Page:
McGillem is excited to be traveling over 7,400 miles to a country totally unlike the United States.
"I'm very excited. I like to help people and this is going to be a great life experience," he told the Banner Graphic Friday.
Officially the country's name is the Islamic Republic of Afghanistan and has a population of about 29,929,000. It is bordered by Iran on the west, Pakistan on the east and south and by Turkmenstan, Uzbekistan and Tajikistan on the north.
The 23-year-old Bainbridge volunteer fireman has a history of helping people. His father Robert McGillem works for the Salvation Army.
"As long as I can remember I have always tried to put other people before myself," he said.
He joined the National Guard at the age of 18 after attending school in Plainfield.
McGillem's unit's main mission is to assist the Afghan government with security, construction, economic and agricultural support, as well as, facilitate the reception, training, housing and sustainment of U.S. troops entering the country.
"We'll help them build roads and schools," said McGillem. "I'd like people to know that we are well-trained highly motivated soldiers who are going to go and try to make a difference."
McGillem's mother Lisa Wilson and younger brother Jeremy Wilson moved from Plainfield to Bainbridge a few years ago. They are sad to see their son and brother leaving, but are also very, very proud of him.
He also leaves behind a three-year-old daughter named Kyla.
"She knows daddy is going away but doesn't really understand," said McGillem.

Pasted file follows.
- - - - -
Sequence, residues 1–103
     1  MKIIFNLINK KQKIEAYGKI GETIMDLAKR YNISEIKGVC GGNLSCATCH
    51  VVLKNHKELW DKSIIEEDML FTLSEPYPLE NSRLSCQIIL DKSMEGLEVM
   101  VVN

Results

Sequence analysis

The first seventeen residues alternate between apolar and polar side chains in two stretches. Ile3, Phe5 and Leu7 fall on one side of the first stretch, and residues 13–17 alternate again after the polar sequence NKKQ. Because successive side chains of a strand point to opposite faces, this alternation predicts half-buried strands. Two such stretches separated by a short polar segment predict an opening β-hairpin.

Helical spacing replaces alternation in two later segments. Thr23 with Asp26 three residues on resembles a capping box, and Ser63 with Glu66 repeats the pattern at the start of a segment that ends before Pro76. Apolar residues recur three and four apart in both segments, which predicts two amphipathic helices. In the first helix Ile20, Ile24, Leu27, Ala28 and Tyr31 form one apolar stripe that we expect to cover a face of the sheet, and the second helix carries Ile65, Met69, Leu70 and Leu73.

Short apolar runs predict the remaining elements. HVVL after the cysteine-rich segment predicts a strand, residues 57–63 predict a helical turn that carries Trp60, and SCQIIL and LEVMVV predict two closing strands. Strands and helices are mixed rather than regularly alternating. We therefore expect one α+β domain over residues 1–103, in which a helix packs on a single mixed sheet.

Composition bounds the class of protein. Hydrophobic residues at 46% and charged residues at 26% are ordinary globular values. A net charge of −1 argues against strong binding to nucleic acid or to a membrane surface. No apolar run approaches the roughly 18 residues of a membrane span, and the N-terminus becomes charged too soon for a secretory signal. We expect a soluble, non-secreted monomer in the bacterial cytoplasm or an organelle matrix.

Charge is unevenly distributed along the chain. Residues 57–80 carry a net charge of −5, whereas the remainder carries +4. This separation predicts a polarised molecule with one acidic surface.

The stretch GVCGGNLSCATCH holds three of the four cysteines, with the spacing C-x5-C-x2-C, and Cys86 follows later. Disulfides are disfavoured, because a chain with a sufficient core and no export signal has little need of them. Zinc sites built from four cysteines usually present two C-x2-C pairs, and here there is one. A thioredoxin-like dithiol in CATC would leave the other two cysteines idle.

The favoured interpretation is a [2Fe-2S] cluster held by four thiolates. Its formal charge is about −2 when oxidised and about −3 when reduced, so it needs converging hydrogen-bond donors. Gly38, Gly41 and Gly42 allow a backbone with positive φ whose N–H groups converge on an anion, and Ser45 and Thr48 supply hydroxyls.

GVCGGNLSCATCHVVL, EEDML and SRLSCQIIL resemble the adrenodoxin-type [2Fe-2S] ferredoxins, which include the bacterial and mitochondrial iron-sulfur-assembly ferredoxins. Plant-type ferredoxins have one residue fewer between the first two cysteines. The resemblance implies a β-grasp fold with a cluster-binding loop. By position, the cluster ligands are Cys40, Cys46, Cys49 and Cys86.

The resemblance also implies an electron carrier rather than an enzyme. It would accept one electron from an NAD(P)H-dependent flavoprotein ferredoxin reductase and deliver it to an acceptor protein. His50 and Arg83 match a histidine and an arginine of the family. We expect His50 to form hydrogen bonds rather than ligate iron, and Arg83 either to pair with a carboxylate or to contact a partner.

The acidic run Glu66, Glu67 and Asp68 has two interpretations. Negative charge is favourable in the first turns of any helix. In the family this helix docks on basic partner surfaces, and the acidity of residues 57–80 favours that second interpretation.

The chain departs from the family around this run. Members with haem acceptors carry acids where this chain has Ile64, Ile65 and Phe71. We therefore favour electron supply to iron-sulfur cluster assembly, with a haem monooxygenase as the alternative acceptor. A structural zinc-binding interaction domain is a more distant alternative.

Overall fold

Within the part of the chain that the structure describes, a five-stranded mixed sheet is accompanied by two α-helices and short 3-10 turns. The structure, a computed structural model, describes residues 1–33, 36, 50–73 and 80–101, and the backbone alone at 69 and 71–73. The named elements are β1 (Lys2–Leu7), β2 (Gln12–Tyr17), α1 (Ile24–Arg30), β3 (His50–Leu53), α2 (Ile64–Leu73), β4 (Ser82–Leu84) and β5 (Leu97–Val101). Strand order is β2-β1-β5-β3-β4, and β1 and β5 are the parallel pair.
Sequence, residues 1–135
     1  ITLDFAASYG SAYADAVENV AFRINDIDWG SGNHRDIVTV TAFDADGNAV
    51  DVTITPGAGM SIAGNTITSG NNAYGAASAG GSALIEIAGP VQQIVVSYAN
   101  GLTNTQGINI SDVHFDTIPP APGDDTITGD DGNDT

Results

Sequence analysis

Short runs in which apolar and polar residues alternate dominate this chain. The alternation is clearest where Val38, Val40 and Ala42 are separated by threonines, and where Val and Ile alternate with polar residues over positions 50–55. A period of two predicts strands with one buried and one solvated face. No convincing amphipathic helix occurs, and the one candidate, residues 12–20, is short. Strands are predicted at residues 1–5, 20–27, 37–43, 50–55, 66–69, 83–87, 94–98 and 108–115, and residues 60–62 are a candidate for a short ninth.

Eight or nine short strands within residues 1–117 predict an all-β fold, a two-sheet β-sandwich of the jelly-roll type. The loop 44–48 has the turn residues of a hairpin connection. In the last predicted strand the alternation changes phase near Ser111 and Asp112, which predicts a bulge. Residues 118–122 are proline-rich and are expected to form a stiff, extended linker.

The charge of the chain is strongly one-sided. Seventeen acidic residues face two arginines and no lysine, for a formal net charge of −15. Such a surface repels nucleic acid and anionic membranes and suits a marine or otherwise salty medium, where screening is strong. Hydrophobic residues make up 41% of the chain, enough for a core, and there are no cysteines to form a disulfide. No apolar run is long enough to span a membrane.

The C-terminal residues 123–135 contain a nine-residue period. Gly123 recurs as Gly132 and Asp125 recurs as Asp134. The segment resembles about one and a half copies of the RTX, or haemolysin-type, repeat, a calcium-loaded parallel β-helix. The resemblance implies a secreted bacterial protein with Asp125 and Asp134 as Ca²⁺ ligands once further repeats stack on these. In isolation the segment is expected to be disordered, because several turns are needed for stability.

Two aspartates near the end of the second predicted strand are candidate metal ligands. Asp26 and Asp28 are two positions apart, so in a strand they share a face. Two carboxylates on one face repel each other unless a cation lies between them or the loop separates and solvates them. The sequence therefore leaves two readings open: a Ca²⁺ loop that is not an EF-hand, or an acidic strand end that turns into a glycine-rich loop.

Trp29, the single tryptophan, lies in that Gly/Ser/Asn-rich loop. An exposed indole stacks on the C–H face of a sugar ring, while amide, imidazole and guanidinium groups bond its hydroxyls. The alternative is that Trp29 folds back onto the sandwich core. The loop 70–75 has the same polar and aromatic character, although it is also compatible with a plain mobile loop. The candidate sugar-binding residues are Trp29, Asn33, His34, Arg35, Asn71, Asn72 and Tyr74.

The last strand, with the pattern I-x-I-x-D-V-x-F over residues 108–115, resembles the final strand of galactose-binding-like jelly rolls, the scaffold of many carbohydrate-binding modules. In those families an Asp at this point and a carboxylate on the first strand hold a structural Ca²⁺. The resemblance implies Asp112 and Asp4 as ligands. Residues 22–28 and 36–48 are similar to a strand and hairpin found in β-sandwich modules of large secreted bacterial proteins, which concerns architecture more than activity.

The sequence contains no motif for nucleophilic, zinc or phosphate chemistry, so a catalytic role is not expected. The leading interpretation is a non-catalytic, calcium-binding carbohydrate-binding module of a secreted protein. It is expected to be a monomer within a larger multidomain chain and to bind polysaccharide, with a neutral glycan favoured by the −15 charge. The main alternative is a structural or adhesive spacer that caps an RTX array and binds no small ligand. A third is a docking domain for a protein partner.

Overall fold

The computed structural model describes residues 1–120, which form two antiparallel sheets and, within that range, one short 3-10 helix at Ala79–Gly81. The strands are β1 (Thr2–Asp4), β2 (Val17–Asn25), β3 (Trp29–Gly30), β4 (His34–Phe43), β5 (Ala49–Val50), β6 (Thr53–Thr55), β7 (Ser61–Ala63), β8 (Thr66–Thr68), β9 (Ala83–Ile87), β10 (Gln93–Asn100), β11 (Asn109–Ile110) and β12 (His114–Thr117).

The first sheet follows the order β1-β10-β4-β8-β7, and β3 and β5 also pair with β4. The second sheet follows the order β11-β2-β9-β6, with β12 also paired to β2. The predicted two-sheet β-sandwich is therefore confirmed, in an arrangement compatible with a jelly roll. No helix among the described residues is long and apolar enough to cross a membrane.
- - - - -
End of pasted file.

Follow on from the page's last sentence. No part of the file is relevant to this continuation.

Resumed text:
He will be away for at least a year and plans to head to college upon his return.
"I want to go to college, complete my schooling and become a firefighter," said the young man who also loves to bowl.
Members of the 38th Infantry Division's Task Force Cyclone started their mobilization training on July 10 in preparation for their deployment to Afghanistan over the next year.
This mobilization of Task Force Cyclone will make history as being the first combat mobilization of the division's Headquarters Company since World War II.
"We want to spend as much time as possible in Afghanistan. So we start the training early so that once we hit this mobilization station we're focused on the unit's collective training and we can focus on our mission when we get to Afghanistan," said Brig. Gen. Lonnie Culver, Task Force Cyclone Commander.
Soldiers have focused on individual training, weapons qualifications, to include squad automatic weapons and crew weapons, drivers training, medical training, Humvee rollover training and many other training tasks over the last year.
A departure ceremony is planned for Aug. 11 at Camp Atterbury for family and friends of the Unite Passport Cyclone 38th ID out of Stout Field in Indianapolis.